The Oklahoma Mesonet is a network of environmental monitoring stations designed to measure the environment at the size and duration of mesoscale weather events. The phrase "mesonet" is a portmanteau of the words mesoscale and network. In meteorology, “mesoscale” refers to weather events that range in size from approximately 1 mile (1.6 km) to 150 miles (240 km) and can last from several minutes to several hours. Mesoscale events include thunderstorms, wind gusts, heat bursts, and dry lines. Without densely spaced weather observations, these mesoscale events might go undetected. In addition to surface weather observations, Oklahoma Mesonet stations also include environmental data such as on insolation and soil conditions, and some sites are co-located with wind profilers.
The network consists of 121 automated stations covering Oklahoma and each of Oklahoma's counties has at least one station. At each site, the environment is measured by a set of instruments located on or near a 10-meter (33 ft)-tall tower. The measurements are packaged into “observations” and transmitted to a central facility every 5 minutes, 24 hours per day, every day of the year.
According to the Tulsa World, creation of the Oklahoma Mesonet resulted from the inability of emergency management officials to plan for the May 26–27, 1984 flood that killed 14 people in the Tulsa area. The 1984 flood demonstrated that emergency managers could not receive accurate and adequate data quickly enough about the progress of flooding from airport radars, updated hourly. The University of Oklahoma and Oklahoma State University collaborated with the Climatological Survey and other public and private agencies to create the Oklahoma Mesonet. This system collects weather information (e.g., wind speed, rainfall, temperature) every 5 minutes from 121 Mesonet stations throughout Oklahoma. Emergency planners can now monitor up-to-date weather information in advance of the arrival of an approaching storm. The article quoted an official of the Tulsa Area Emergency Management as saying that his staff uses the Oklahoma Mesonet every day.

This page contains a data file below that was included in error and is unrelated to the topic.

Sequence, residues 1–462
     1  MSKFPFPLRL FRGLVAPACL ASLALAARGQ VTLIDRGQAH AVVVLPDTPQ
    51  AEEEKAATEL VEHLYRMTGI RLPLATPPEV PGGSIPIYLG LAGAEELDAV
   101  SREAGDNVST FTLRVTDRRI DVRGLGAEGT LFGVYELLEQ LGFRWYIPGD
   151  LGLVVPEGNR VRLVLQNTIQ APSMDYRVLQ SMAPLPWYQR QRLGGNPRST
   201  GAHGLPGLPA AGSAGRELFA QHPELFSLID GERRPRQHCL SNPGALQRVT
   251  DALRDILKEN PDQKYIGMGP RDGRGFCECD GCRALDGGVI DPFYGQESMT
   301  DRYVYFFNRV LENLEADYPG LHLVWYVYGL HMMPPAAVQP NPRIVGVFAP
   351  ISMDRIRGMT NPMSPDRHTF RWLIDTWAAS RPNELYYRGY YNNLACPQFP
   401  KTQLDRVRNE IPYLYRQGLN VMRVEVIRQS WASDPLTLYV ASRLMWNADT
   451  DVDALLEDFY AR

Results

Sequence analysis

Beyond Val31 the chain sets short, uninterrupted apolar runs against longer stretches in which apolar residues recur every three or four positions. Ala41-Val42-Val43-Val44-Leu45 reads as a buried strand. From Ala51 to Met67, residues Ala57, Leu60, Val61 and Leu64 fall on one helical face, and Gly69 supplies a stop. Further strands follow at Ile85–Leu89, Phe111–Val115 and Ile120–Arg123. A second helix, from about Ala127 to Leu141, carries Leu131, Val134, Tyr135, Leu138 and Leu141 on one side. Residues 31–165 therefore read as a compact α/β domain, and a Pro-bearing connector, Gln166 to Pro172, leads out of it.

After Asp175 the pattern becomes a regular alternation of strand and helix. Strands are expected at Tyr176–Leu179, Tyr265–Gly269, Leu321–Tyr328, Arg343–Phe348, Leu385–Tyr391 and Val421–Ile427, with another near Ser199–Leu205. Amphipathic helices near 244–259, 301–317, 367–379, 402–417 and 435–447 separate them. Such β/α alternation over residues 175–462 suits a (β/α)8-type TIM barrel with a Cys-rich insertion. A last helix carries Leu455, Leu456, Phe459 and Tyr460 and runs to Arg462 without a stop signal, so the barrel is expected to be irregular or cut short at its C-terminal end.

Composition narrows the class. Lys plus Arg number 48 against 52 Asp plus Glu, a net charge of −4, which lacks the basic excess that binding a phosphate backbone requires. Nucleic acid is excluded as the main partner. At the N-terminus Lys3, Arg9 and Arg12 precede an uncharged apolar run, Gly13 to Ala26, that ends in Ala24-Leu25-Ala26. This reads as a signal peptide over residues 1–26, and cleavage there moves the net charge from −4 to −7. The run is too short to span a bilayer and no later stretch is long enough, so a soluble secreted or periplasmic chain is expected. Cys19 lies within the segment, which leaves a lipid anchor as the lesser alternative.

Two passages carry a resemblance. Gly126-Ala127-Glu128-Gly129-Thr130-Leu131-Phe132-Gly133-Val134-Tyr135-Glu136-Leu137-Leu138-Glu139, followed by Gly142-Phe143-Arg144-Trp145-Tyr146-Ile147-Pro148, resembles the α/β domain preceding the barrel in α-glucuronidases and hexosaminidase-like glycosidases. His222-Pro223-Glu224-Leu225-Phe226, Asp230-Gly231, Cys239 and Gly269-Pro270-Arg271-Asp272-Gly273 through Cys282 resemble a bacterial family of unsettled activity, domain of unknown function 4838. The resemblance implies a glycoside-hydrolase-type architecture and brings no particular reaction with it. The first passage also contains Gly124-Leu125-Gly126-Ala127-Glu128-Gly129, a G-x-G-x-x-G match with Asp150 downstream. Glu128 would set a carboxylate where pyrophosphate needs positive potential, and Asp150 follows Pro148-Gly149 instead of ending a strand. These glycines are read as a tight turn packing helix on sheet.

The Oklahoma Mesonet consists of 121 remote stations across Oklahoma with at least one station in each of Oklahoma's 77 counties. Each Oklahoma Mesonet station is contained within a 10 m × 10 m (33 ft × 33 ft) plot of land. Stations reside on a variety of locations including: University of Oklahoma and Oklahoma State University Research land, academic and foundation sites, federal/state/city land, airports, and privately owned property.
Each site is visited at least three times per year during one of the Spring, Summer, and Fall passes. Sites are also visited by site technicians when there is a problem with a sensor or with communications. Additionally, sites are visited by a vegetation technician to ensure that the station is not overgrown by native plants. All sites generate their own electricity from solar panels and communicate mainly via radios on the Oklahoma Law Enforcement Telecommunications System (OLETS).
The Oklahoma Mesonet utilizes a variety of meteorological instruments to collect its observations. Observations are collected through a data logger within an enclosure and transmitted back to the National Weather Center for quality assurance, archival, and public dissemination.
Air temperature and related measurements
Air Temperature (1.5m) – Thermometrics Air Temperature (2004–present); Vaisala HMP35C (1994–2003)
Air Temperature (9m) – Thermometrics Air Temperature
Soil temperature under natural sod at 30 cm (12 in)
Every 30 minutes
Soil moisture at 5 cm (2.0 in), 25 cm (9.8 in), and 60 cm (24 in)
The following are records measured by the Oklahoma Mesonet since January 1, 1996.
Highest Temperature: A record high temperature of 115 °F (46 °C) occurred multiple times in multiple locations across the state: Buffalo (7/9/2009), Erick and Hollis (6/26/2011), Wilburton and Wister (8/3/2011), and Kingfisher (8/1/2012).
Highest Heat Index: On August 9, 1999, Calvin, Oklahoma (site now retired) experienced a heat index of 125 °F (52 °C). That month, triple-digit temperatures were present somewhere in the state every day. At the time, this was the 19th warmest August in Oklahoma since 1892.
Lowest Temperature: On February 10, 2011, Nowata, Oklahoma experienced a low temperature of −31 °F (−35 °C). One day prior to this, a massive winter storm concluded in the state. Reports of 6–12 in (15–30 cm) of snow were widespread across the state and up to 21 in (53 cm) of snow were reported in localized areas in the northeast. Blizzard conditions paralyzed travel and buried some locations in the north under 5–10 ft (1.5–3.0 m) of snow.